Uncategorized

War: Father of Nations

With a thunderous clatter of hooves & blare

of battered brassy horn

light cavalry swept down upon

doomed men in a crimson morn.

________________

A ragged band was backed to a wall

of towering metamorphic rock  

in a foreign land long leagues from home, 

grim faces white with shock. 

________________

How terribly fast the tide had turned! 

How cunning the savage foe! 

A turncoat scout led them roundabout

into ambush. Treacherous woe!

________________

For weeks they’d plundered, pillaged, burned

raped & drunken-reveled

till their captain, sated by gold & blood

cried, “Wheel, ye desert devils!”

________________

Laden with spoils the warband turned

back toward hearth & home

basking in martial glory built

’pon ashes & bleaching bones.

________________

Now cornered soldiers braced for the charge

of juggernaut-horsed cruel men 

slung low in the saddle, scything swords 

reaping again & again 

________________

leather-clad warriors who smote & roared 

in a frenzy of killing fear; 

the desperate band made a fierce last stand— 

spears splintered, horses reared. 

________________

Wet work was done ’neath the pitiless sun 

to a man the invaders died; 

their corpses left to ripen & rot: 

sweetmeats for the vulture sky 

________________

that dispatched carrion birds to feast 

on the bloating, rictused dead. 

Black buzzing hordes of feted flies 

swarmed ’round severed heads 

________________

& limbs that littered the killing field 

soon buried by drifting sand.

What matter the names of the men who fell 

in that vanished, sun-seared land?

________________

The victors that day soon found their homes 

destroyed by a stronger foe  

who invaded the land, bronze legions agleam 

in scarlet, azure & gold. 

________________

Thus ever it was; thus ever shall be: 

man butchers man for wealth 

lost in turn to cyclic hordes 

worshipping power, brute force, pelf. 

________________

If today you stroll under cloudless skies 

face turned to the warming sun, 

spare a moment to think of countless dead 

who died that you may hum 

________________

some insipid tune of patriarchy. 

Family, church & state 

sing the tribal song of triumph:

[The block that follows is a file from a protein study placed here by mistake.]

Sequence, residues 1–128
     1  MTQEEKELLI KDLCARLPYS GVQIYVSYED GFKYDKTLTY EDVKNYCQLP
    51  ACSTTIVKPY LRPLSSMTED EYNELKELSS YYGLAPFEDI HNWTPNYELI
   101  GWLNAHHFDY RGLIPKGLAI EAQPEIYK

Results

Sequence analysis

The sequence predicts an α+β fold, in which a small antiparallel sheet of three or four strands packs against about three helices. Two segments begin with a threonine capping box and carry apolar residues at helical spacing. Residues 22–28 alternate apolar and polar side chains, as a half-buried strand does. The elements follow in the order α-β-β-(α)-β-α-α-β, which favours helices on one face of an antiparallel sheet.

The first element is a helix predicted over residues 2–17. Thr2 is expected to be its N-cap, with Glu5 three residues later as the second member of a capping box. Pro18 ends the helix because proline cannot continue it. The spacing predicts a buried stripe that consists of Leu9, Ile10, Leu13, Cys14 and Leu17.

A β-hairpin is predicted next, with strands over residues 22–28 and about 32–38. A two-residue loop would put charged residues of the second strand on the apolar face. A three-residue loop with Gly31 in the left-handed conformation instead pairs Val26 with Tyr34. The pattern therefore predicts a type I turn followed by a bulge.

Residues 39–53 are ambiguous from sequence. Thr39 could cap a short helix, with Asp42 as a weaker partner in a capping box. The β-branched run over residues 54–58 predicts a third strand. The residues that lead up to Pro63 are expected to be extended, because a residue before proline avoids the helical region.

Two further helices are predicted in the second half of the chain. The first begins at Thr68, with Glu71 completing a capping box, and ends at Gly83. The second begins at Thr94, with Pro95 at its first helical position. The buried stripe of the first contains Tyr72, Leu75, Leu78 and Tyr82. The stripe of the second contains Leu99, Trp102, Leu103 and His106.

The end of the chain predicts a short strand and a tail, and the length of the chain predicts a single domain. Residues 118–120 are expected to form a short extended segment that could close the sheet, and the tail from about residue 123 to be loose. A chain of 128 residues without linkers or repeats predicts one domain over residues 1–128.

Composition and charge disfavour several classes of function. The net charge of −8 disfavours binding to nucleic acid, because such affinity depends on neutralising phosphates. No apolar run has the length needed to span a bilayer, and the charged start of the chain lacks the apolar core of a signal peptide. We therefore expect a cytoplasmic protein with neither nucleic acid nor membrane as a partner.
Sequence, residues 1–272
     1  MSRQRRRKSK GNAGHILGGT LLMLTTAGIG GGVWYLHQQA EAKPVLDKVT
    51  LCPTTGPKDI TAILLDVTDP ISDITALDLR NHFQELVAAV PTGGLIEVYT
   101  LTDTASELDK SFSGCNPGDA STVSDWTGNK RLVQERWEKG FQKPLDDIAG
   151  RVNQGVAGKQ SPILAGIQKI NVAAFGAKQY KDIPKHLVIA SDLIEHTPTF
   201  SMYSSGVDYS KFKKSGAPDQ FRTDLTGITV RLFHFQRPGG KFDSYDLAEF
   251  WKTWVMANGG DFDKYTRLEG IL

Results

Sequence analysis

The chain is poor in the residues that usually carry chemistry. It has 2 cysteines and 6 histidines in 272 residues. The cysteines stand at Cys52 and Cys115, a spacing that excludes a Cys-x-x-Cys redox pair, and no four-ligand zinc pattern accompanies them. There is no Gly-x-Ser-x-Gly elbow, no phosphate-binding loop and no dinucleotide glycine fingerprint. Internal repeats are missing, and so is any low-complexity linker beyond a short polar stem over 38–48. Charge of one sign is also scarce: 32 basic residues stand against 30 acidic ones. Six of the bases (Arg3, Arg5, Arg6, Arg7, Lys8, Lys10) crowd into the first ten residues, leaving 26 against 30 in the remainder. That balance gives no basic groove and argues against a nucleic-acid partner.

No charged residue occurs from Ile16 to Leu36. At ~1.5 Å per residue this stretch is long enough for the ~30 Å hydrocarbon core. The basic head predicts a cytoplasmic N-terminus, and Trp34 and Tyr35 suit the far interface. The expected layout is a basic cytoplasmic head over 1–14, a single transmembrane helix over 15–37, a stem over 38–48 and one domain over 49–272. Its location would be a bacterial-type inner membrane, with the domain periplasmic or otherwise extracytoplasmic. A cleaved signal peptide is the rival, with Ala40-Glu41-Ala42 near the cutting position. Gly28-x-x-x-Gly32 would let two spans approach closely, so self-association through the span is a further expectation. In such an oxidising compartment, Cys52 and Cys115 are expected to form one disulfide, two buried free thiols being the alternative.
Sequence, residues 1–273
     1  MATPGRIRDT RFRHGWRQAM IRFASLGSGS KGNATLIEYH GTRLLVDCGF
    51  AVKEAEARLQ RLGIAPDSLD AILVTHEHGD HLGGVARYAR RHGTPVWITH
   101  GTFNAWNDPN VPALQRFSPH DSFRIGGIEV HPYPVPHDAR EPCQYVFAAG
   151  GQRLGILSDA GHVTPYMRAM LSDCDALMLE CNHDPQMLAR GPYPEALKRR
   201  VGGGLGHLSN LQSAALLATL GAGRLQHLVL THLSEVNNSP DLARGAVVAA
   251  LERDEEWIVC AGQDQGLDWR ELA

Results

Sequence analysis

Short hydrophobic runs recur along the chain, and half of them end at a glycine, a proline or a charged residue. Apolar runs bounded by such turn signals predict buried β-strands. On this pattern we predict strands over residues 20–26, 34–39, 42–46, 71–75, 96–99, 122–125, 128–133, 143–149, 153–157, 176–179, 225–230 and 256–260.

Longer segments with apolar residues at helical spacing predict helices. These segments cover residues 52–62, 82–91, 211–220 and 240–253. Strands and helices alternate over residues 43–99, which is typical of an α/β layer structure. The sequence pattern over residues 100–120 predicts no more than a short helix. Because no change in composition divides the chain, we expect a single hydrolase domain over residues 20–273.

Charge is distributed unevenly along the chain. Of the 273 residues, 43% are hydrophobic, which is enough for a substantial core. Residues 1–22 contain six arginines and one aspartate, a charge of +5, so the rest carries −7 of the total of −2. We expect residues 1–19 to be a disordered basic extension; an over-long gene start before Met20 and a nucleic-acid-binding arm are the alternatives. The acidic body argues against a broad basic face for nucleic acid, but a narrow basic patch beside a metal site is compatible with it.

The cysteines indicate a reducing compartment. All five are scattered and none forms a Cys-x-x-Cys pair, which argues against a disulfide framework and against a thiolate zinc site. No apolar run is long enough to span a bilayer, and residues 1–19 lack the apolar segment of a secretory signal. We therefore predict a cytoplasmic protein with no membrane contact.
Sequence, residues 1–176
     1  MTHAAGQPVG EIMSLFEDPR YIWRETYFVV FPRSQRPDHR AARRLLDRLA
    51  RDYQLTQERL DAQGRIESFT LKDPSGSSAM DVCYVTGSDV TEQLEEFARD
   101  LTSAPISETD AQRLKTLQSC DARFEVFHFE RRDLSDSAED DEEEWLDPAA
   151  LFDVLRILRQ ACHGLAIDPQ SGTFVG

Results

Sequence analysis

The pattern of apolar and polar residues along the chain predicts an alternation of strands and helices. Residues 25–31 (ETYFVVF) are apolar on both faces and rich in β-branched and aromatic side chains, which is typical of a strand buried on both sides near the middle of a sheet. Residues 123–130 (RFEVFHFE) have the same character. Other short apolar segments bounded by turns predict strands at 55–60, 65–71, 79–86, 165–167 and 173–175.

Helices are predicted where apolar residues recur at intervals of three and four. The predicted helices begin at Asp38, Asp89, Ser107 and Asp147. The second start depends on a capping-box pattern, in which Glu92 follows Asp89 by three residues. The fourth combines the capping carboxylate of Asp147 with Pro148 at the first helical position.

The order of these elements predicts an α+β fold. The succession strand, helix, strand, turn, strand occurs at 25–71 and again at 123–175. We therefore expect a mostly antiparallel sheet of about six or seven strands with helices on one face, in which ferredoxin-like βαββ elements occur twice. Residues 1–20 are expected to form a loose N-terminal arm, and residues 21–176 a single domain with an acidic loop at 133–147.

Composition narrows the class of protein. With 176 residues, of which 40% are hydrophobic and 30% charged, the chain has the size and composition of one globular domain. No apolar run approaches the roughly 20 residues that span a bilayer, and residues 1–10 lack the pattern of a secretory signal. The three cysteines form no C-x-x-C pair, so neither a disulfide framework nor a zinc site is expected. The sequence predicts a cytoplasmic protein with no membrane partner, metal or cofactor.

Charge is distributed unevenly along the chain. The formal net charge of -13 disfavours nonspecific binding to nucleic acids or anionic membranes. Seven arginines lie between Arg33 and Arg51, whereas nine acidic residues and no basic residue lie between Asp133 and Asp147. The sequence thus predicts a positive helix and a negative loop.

Noble! Manifest! Great!  

________________

–Carl E. Reed

This poem employs galloping rhythm, a judicious use of near-rhyme, abandon-rhyme (note the long “O” of “foe” and “gold” in stanza 9: an example of what I mean when I argue for the primacy of semantics–at certain critical points of an otherwise sonorously harmonized formalist narrative poem–over the mere aural, or sound, consistency of end-line rhyme), internal rhyme (rhymes on the same line), alliteration, assonance, consonance, the lack of end-line punctuation except where necessary to aid comprehension and regulate rhythm (a minimalist choice which also enhances reading speed and a sense of exhilarating forward momentum) and other poetic tricks to enhance euphony and over-all impact upon the reader. I hope the work imparts the same shock of lexical energy I felt in composing it; moreover, I hope these particular words arrayed in this particular fashion speak to the reader in a meaningful and authoritative way re: our collective guilt and responsibility for continuing to engage in the transfixing, tragic and (uneasily acknowledged) ecstatic social practice of war.

The formatting of this poem (if ever published) will follow the traditional formalist practice of indenting the 2nd and 4th lines of every quatrain. (Try accomplishing that in WordPress. ARRRGH!)

PS. Mellow: start sharpening that critical knife, heh!

PPS. I am pleased to announce that three new poems of mine will appear in issue #15 (July, 2021) of Spectral Realms Journal: “The Call of Lizzie”, “Shuffling Horror”, and “Bat-winged Battle Cry”. https://www.hippocampuspress.com/journals/spectral-realms/spectral-realms-no.-15?zenid=qqgjdp8a4gt5fgkuuinkcr7vm0



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Uncategorized

A Writers Co-op Forum?

In last Monday’s post, Carl E. Reed was wondering if there were any other forum where writers could interact besides social media. I instantly thought of Book Country, Penguin’s old site where we posted multiple threads about any aspect of the writing life, including current works, requests for critique, thoughts, ideas, and general tomfoolery. The point is to allow for discussions beyond a single weekly blog.

Googling for possibilities, I came up with bbPress, a project of WordPress.org.
It is a plugin that adds a forum to an existing WordPress site. You can take a look at it at:
https://bbpress.org/

We may need a domain name and a hosted WordPress website. I already have the domain name, WritersCo-op.com, and website hosting is cheap these days.

The forum would be easy to add. We simply log in to our WordPress admin area and go to Plugins » Add New. Search for bbPress and then select bbPress from results. Install and activate the plugin. Upon activation, the welcome screen for bbPress comes up.
https://www.wpbeginner.com/wp-tutorials/how-to-add-a-forum-in-wordpress-with-bbpress/